During Orson Welles' tumultuous honeymoon in Hollywood 1939-1942, Thomson writes, he achieved "glory, but ruined himself; the one was not possible without the other." In this sweeping tribute to the man said to have "more genius than talent," Thomson chronicles the events that transformed Welles from Hollywood's bad boy into one of the most influential and enduring filmmakers. The accounts of Welles' intellect only serve to contrast with the self-destructiveness of his post-Kane years, and Thomson's analysis shows that Citizen Kane loomed over the actor-film maker, not just as an achievement he could never equal, "but as an underground presaging of his own destiny." --This text refers to an out of print or unavailable edition of this title.
Welles is certainly enjoying a boom; soon after the first volume of Simon Callow's Orson Welles (Forecasts, Nov. 20, 1995) comes this study by the author of The Life of David O. Selznick and A Biographical Dictionary of Film. Thomson does not pretend to have done vast scholarship or delved extensively into original sources. As a boy in England, he says, he fell under Welles's spell, and his book is a sort of vast, almost novelistic examination of the showman's rich and ultimately deeply frustrating life; it is an attempt to come to terms with the fascination Welles continues to exert, although it is generally agreed that his last 40 years were an anticlimax. Determined to be compulsively readable, Thomson indulges in highly tendentious asides, interrupts himself with questions he imagines his publisher asking and works in chunks of scenes from Welles's movies and snippets from the interviews the star tirelessly gave all his life. The result is a vivid patchwork, a swift, impressionistic take on Welles that is also an often moving tribute to his oblique mix of genius and charlatanism. Not by any means the only book on Welles to read, but a stimulating and diverting one, with some unusual judgments: that his Macbeth, for instance, is better than his Othello, and that the late F for Fake is a neglected masterwork. Illustrated. 50,000 first printing.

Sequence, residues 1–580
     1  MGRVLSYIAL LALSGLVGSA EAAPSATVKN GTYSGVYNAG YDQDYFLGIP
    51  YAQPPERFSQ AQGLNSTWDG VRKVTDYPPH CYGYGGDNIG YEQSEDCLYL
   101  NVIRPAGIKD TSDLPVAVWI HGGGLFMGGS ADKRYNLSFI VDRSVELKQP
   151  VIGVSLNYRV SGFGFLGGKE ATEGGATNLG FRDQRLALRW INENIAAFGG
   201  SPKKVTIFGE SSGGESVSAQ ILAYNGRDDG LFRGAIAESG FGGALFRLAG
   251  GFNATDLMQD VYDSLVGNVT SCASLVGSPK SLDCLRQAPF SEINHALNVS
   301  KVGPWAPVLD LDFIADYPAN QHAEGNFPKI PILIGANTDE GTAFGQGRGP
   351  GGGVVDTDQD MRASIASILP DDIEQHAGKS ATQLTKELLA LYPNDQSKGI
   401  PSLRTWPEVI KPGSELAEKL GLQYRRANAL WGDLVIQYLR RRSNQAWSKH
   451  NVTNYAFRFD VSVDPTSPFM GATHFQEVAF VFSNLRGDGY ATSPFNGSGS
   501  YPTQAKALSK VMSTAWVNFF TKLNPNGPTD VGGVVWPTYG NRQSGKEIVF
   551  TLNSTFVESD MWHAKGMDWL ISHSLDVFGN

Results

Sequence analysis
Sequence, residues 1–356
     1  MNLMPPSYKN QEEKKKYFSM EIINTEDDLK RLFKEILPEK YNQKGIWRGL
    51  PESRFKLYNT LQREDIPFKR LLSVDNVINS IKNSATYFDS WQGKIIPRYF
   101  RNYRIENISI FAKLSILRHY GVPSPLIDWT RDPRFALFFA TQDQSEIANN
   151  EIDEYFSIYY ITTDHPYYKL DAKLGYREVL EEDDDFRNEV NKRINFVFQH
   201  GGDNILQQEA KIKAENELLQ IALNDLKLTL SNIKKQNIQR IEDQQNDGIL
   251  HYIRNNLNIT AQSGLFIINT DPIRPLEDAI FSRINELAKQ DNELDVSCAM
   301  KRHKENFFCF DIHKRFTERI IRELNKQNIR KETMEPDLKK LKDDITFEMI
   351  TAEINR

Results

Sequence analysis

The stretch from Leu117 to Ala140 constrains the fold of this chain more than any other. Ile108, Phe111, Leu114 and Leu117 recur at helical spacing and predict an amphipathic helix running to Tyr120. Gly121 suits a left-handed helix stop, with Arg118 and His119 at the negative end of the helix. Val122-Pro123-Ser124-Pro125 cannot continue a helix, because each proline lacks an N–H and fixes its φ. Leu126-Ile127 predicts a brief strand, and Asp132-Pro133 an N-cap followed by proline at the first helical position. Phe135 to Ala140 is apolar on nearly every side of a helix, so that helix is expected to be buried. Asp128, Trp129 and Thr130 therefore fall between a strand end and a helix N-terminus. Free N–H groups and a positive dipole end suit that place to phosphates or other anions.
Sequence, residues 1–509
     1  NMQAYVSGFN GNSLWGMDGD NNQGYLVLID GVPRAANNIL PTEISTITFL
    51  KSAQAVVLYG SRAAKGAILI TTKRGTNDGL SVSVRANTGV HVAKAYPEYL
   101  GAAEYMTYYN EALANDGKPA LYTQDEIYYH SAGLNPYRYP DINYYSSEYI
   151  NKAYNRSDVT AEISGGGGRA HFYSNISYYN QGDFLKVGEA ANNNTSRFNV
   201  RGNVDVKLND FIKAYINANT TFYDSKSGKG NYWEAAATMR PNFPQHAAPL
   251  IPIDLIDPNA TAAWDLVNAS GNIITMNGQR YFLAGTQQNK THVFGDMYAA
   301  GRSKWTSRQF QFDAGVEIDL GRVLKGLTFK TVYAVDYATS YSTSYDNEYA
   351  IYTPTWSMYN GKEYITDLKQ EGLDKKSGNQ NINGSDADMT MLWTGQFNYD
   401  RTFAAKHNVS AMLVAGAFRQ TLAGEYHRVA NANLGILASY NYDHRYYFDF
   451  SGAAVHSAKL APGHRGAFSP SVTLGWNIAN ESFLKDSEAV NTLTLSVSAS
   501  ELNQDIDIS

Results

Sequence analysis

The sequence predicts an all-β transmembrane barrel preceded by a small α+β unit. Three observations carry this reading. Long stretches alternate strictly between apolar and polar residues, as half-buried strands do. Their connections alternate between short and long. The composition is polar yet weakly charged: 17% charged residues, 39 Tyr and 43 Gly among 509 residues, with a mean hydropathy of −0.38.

Copyright 1996 Reed Business Information, Inc. --This text refers to an out of print or unavailable edition of this title.
I have to say I found this an interesting read only because Welles himself was such an interesting, complex person. It's hard to mess that up when you're writing a biography. Read morePublished 7 months ago by A reader from California
Welles would adore this book. Audacious, unsentimental, stylistically bold as hell. It's entertaining and exciting to read... Read morePublished 7 months ago by edmond dantes
The least accurate bio of Welles, this book is widely discredited among film scholars. I would go one step further - it is poisonous to any study of the subject, perpetuating... Read morePublished 9 months ago by Justin K. Rivers
I am at a stage in life when I appreciate the rarity of quality biographies and autobiographies. With this creepy work of fiction, I can now say that I have been affronted by the... Read morePublished 12 months ago by Camille
One of the better written books about one of our greatest actors and directors.Such a complex and interesting life.A very good read for Orson welles fans.Published on July 9, 2013 by steve w.strickland
I had to give the author two stars because there was obviously a lot of research involved. Too bad he blew it on cringe-inducing, pretentious, smug prose. Read morePublished on March 27, 2013 by brian edward caulley
David Thomson's ROSEBUD is like reading a movie script on LSD. Facts float in and out. Paragraphs are interrupted by a stream of consciousness dialogues that Thomson has with... Read morePublished on October 12, 2010 by olingerstories
A hard read.
I will not waste your time, but as an avid reader I have rarely had to stop in the middle of a book and give up. Read more